Learn about Oahu, Hawaii, by
reading Hawaii - Touring the
Island of Oahu by Amy Bednarcik, WTA Staff Member. It
features a mini, but thorough tour of the destination, plus all
you'll need to know to plan your trip including how to get there,
objective information on places to stay and eat, and things to do.
At the end of the article, we've provided a summary of the contact
information for your easy reference. Enjoy!
Hawaii - Touring the Island of Oahu
by Amy Bednarcik, WTA Staff Member
A view of Honolulu
and the Island of Oahu from the top of Diamond Head
early days of flight, the 2090 miles from San Francisco to Honolulu were
among aviation's greatest challenges, the longest unbroken stretch of open
ocean between any two points on earth. Pan Am's giant flying boats began
carrying passengers - just eight at a time - from Alameda in Oakland Bay
to Pearl Harbor on Oahu in 1935. Today almost everyone arrives by air,
mostly on American, United and Continental.
is high season in Hawaii, even though the weather can be warm and humid.
Winter gets more rain, but it's also the season to see more whales and
other migratory denizens of the sea. And while summer waters are more
placid, winter is the time to surf the Banzai Pipeline, the curling,
30-foot waves made famous by the film,
The Endless Summer. Any time of year, Hawaii is sure to be
Beach on the North Shore of Oahu in the summertime.
It’s anything but tranquil during the winter and Banzai Pipeline season
husband Mike and I went out for three weeks in August, not nearly enough
time to see everything in a chain that reaches from the Big Island to
once-strategic Midway, 1500 miles to the west. But, we did our best,
visiting Oahu, Maui, Kauai, and the Big Island of Hawaii (read Touring the
Outer Islands of Hawaii article at
for an account of our visits to these islands).
most of our time on Oahu. We have friends with the Army who live in
Honolulu, "the world's most remote city" which is the population and
commercial epicenter of the chain. There are so many people in its
immediate environs - from Diamond Head to Waikiki and around Pearl Harbor
- one can barely walk between the houses.
offers some wonderful attractions, though - gorgeous beaches, great
stores, hotels and restaurants, spectacular sightseeing and every kind of
activity. You can paddle an outrigger canoe, surf, swim, golf, sail, fish,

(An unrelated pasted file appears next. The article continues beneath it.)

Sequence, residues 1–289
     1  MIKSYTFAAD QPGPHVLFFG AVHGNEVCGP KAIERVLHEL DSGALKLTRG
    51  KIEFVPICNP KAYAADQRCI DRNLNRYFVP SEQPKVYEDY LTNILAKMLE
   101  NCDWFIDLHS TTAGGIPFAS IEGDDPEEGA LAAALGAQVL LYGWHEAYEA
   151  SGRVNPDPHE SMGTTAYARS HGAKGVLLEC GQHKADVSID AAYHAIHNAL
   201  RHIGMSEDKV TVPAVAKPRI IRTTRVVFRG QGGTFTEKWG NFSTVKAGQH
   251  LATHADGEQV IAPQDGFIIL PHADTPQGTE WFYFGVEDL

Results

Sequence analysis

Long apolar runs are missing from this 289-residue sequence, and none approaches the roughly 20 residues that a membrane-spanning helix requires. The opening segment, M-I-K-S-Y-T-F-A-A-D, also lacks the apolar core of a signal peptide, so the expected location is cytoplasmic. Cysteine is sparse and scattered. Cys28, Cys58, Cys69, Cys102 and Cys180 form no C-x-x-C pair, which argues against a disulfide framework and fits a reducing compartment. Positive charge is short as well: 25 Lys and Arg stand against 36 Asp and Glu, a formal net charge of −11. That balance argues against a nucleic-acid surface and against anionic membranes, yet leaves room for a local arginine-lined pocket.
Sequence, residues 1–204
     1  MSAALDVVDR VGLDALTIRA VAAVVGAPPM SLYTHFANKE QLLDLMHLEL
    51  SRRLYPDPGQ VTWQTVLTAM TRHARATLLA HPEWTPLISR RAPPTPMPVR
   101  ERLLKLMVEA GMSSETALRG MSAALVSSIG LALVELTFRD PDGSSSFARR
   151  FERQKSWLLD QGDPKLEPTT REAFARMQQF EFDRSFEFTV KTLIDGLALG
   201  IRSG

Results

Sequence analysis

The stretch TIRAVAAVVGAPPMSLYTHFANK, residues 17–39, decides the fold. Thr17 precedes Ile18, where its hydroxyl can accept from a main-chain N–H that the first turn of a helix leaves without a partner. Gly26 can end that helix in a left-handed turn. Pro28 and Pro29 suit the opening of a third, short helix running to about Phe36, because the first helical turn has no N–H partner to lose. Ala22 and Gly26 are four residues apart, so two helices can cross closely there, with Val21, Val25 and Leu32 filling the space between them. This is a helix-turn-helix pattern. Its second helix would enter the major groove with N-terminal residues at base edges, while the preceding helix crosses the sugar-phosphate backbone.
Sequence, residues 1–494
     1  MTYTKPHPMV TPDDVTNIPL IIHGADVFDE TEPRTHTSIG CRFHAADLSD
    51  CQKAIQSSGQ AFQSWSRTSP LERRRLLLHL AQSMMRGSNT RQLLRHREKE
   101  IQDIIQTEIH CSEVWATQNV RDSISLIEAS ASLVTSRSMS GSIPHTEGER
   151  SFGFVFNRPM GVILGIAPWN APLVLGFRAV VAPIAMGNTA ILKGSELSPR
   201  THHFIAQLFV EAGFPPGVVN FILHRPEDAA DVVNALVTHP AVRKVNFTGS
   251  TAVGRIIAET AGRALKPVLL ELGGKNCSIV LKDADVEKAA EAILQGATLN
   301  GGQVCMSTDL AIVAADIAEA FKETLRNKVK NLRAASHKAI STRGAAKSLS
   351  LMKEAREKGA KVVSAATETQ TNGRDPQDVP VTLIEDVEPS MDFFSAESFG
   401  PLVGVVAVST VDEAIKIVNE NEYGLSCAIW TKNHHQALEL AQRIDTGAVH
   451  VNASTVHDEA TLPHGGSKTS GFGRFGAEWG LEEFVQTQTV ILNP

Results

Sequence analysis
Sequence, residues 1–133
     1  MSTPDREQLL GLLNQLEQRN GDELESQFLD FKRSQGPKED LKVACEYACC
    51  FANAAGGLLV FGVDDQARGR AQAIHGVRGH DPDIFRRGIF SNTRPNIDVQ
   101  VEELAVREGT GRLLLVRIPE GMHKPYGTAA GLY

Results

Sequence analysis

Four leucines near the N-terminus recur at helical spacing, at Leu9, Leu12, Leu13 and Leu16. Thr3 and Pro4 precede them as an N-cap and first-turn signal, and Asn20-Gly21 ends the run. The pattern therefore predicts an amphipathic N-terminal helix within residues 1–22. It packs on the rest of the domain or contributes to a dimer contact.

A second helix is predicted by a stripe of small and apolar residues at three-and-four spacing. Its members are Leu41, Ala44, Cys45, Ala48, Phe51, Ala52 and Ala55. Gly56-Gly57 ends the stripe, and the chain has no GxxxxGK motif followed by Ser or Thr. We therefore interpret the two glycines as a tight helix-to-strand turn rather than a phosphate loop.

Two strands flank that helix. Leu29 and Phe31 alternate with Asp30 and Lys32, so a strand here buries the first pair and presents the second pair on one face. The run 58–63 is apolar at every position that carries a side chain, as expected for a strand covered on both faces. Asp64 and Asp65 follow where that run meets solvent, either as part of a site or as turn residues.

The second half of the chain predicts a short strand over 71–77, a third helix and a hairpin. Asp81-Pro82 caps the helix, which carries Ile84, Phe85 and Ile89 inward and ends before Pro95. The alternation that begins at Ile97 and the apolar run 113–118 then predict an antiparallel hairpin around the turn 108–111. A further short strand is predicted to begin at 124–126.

windsurf, run, ride horseback, dive, snorkel, ride a bike or go kayaking,
all in this small corner of the island.
ocean wasn't quite as warm as we expected, but still in the 70's, and the
bluest blue. We saw sandy beaches of every color: black, green, and
brown. The black beaches are soft volcanic ash, not coarse lava with a
risk of cutting or abrasion. White beaches are almost everywhere, but
some are on such rugged coastline they are accessible to most only by
helicopter or boat.
had the luxury of our own personal tour guides and transportation (through
our friends), there are other easy ways to get almost everywhere,
including many excellent tour bus services. Honolulu and Oahu are both
fairly easy to navigate. Honolulu possesses a busy city center. Expect
heavy traffic in and around the city. There are numerous highways around
Honolulu and the island that makes navigation easy.
total island of Oahu is less than 600 square miles, perhaps three times
bigger than Martha's Vineyard, but infinitely more varied. Partly due to
the topography, which like most of the Hawaiian Islands is seriously
vertical inland and around much of the perimeter, it's easy to feel
suddenly very remote and rural at a turning of the road, and many of
Oahu's quaint towns reflect that sense of isolation.
islands have a windward and leeward side, and the windward side gets more
rain. On a mountainous island like Oahu, that sometimes means you can
drive in 15 minutes from a beautiful sunny day into a gray, murky, misty
one, and then back out again.
far the most commercial and congested of all of the Hawaii islands, there
are many attractions to visit. High on the list is the moving and
impressive Arizona Memorial right in Pearl Harbor. Just around the